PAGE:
Bioscience Biotechnology and Biochemistry 03/2009; 73(2):346-50. · 1.27 Impact Factor
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    ABSTRACT: The pattern of genome transcription in prokaryotes is determined by selective distribution of RNA polymerase within the genome. The gene selectivity of RNA polymerase is modulated after interaction with DNA-binding transcription factors (TFs). Escherichia coli contains a total of about 300 TFs, but the regulatory function has not yet been identified for about one third. For quick and systematic search of the regulation target genes by TFs, we have developed a novel screening technology ¿Genomic SELEX¿, in which the recognition DNA sequences by the test TF are isolated from a mixture of genome DNA fragments. The sequences were determined by either cloning-sequencing of SELX fragments (SELEX-clos) or high-density microarray (tilling array) analysis (SELEX-chip). Here we describe the application of these novel technologies for search of the whole set of regulation target genes on the E. coli genome by CRP (cAMP-binding protein).
    01/2009;
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    ABSTRACT: In Escherichia coli, CitB, a cognate response regulator of CitA, specifically bound to the promoter regions for mdh, citA, citC, and exuT. Transcription of these genes was induced by citrate under anaerobic conditions in a CitAB-dependent manner. Taking this together, we conclude that CitAB is the master regulatory system that activates the set of genes involved in citrate fermentation in E. coli.
    Bioscience Biotechnology and Biochemistry 12/2008; 72(11):3011-4. · 1.27 Impact Factor
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    ABSTRACT: The sigma 28 kDa (sigma28) factor is a transcription factor specific for the expression of bacterial flagellar and chemotaxis genes. Its antisigma factor, FlgM, binds sigma28 factor and inhibits its activity as a transcription factor. In this study, crystals of the complex between Escherichia coli sigma28 and the C-terminal sigma28-binding region of FlgM were obtained. The crystals belong to space group P3(1)21 or P3(2)21, with unit-cell parameters a = b = 106.7 (2), c = 51.74 (3) A, containing one complex in the crystallographic asymmetric unit. An X-ray intensity data set was collected to a resolution of 2.7 A.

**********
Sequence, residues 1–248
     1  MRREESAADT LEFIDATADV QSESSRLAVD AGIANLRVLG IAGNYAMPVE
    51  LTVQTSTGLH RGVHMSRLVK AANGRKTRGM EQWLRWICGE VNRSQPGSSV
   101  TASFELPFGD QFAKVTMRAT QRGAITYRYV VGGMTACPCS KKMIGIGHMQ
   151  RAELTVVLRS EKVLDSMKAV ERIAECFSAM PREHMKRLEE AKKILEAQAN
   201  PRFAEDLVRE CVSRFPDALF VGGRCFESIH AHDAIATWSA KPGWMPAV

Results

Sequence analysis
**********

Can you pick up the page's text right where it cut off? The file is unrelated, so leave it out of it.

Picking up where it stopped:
Acta Crystallographica Section F Structural Biology and Crystallization Communications 04/2007; 63(Pt 3):196-9. · 0.55 Impact Factor
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    ABSTRACT: The effects of a number of mutations in crp have been measured at different cyclic AMP receptor protein (CRP)-dependent Class II promoters, where the CRP-binding site is centred around 411/2 base pairs upstream from the transcription start point. The amino acid substitutions HL159 and TA158 result in reduced CRP-dependent activation, but the reduction varies from one Class II promoter to another. Deletions in the C-terminus of the RNA polymerase alpha subunit suppress the effects of HL159 and TA158. The role of the C-terminus of alpha at these promoters is assessed. Other changes at E58, K52 and E96 affect CRP activity specifically at Class II promoters and their role is discussed.
    Molecular Microbiology 10/2006; 10(4):789 - 797. · 5.03 Impact Factor
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    01/2006;